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Bluetooth Tracking

Research from Purdue University shows that Bluetooth would be a very good way to track travel time. Bluetooth devices give off unique IDs which could be used to measure speed and movement of pedestrians and vehicles. But why stop there? Wouldn’t it be possible to track people via their Bluetooth signal, if you knew one of their device IDs? Anyway, here’s the abstract (thanks, Roland.) Travel time is one of the most intuitive and widely understood performance measures. However, it is also one of the most difficult performance measures to accurately estimate. Toll tag tracking has demonstrated the utility of tracking electronic fingerprints to estimateContinue readingBluetooth Tracking

Technology Makes You Fit, Not Smart

I’m trying to use technology as much as possible in my new environment (Singapore), and it’s not working well out that well for me. I have no useful Internet connection, my Nokia N95’s GPS locks in just in time for the journey to finish, and I’m eating off the tops of plastic containers. Otherwise everything is going well. I’ve just been trying’s useful tool, for example, for arranging trips by public transport. I know I’m not in tiptop condition, but I was slightly unnerved by this step in the nine-step process of going from one part of the island to the other: You needContinue readingTechnology Makes You Fit, Not Smart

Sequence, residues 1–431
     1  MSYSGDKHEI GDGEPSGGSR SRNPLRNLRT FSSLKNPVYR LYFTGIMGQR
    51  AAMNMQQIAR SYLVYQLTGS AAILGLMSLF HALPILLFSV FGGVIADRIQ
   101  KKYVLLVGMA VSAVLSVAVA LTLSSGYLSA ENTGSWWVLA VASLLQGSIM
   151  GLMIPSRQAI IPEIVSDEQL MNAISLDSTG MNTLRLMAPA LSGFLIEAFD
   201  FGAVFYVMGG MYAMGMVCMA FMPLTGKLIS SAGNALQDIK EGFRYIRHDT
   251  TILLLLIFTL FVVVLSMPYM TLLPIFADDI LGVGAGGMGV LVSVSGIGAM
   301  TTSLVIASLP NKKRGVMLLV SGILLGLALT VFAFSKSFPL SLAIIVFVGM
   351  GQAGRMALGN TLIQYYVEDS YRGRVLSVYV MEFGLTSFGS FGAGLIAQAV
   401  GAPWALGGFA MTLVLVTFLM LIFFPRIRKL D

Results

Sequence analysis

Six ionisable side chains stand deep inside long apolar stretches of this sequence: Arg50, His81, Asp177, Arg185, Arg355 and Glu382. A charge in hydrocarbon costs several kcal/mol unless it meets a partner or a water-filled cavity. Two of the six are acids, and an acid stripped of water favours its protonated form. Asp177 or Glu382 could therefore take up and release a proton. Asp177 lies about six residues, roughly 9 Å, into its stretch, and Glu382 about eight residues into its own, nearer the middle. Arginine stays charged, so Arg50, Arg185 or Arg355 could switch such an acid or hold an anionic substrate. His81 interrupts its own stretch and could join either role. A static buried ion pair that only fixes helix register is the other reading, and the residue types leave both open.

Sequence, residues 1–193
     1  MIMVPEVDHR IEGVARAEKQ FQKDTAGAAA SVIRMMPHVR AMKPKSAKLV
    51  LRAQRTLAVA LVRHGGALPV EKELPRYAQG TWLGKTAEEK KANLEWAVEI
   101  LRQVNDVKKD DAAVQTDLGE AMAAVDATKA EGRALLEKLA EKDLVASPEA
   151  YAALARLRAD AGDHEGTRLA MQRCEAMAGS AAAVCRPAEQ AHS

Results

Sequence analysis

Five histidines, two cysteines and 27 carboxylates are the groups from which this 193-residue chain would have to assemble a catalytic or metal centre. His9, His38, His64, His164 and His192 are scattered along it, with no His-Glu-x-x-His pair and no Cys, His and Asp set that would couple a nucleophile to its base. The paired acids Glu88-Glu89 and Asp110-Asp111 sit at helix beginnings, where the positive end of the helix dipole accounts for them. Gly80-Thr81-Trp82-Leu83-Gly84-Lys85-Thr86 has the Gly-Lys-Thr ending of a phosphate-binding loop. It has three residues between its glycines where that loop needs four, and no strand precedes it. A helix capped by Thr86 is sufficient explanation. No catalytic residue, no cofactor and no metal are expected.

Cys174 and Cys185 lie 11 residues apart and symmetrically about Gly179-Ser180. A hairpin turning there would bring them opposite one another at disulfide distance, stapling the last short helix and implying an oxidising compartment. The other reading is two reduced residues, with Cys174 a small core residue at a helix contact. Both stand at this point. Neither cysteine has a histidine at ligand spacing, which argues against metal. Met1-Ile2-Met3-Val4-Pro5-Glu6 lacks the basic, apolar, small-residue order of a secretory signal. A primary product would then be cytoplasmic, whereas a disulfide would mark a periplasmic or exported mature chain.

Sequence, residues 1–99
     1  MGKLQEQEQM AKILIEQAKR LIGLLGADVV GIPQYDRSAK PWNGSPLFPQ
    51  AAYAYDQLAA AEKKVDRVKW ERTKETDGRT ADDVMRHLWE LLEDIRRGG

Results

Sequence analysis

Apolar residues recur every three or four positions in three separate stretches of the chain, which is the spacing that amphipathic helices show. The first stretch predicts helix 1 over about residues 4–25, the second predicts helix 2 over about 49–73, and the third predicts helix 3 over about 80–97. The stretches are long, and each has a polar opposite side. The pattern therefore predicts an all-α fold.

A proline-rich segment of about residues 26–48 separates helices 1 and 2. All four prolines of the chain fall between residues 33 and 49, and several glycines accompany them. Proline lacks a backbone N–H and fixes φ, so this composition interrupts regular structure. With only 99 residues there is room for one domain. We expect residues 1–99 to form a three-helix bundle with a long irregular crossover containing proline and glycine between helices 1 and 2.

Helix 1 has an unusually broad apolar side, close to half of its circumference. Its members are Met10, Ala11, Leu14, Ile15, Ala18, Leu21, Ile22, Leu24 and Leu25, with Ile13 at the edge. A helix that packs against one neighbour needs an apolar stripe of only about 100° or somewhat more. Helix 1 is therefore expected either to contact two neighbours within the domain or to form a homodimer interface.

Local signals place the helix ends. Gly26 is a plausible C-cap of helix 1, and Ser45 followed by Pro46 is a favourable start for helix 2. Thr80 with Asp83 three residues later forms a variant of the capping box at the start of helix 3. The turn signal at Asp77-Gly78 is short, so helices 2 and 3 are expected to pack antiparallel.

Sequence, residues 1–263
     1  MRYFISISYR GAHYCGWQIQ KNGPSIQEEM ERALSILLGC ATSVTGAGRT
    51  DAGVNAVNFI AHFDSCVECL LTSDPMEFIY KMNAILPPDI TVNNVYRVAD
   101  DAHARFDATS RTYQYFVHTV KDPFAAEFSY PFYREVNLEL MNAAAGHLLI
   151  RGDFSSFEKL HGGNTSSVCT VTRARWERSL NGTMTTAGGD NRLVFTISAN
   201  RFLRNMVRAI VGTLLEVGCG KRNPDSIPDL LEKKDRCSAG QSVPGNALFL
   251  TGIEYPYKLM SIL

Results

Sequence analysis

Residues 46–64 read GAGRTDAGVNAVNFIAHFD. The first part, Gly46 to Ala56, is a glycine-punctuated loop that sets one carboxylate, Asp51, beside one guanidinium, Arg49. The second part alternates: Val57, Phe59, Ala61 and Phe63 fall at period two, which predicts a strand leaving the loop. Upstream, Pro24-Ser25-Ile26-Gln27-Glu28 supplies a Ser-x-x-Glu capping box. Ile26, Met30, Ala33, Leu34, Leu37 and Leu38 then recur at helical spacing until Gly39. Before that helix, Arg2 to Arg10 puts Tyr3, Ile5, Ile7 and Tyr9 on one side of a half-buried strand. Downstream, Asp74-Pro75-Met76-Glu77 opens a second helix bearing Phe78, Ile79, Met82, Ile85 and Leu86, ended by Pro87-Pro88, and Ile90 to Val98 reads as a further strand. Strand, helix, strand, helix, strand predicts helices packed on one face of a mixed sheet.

Getting Your Treo in Sync via USB

Here’s another one of those public service announcements for a very specific problem. Skip it if you haven’t had problems not being able to synchronize your Treo with a PC. In some cases an error message will appear “USB device not recognized” or somesuch. Here’s what worked for my Treo 650, after lots of messing about with more complicated solutions that didn’t (thanks to Palm for some of these, as well as some forums here and here): First off, try removing the USB cable and sticking it back in again. Try sticking the cable in a different port. Try a different cable. The cable that comesContinue readingGetting Your Treo in Sync via USB

The Treo Zombies

Faintly distracting, but ultimately unsatisfying, ad for the new Treo, where people walk across an intersection doing different things depending on what feature of the Treo the ad is pumping. I have a couple of questions: Why do none of these people ever look left and right before crossing the road? Why is there no traffic? Why if this is about the Treo, is only one of the characters sporting anything that could remotely be a headset? Why is no one talking on the phone? (Maybe they read this alarming report) Why have I wasted a good 10 minutes of my life watching this adContinue readingThe Treo Zombies

The Law of the Missing Remote

There must be a law that describes this, but I can’t find one. We have four air conditioners in our flat, and four remotes. Each remote used to sit snugly in one of those wall clasp things, and everything was hunky dory. No missing remotes, no mess. Until one of the remotes broke, so now we have three, to operate four units. So now, of course, the remotes have to be moved around to operate air conditioners in other rooms. So now we have no idea where the remotes are. We are now, one week into this crisis, down to one remote. I have no ideaContinue readingThe Law of the Missing Remote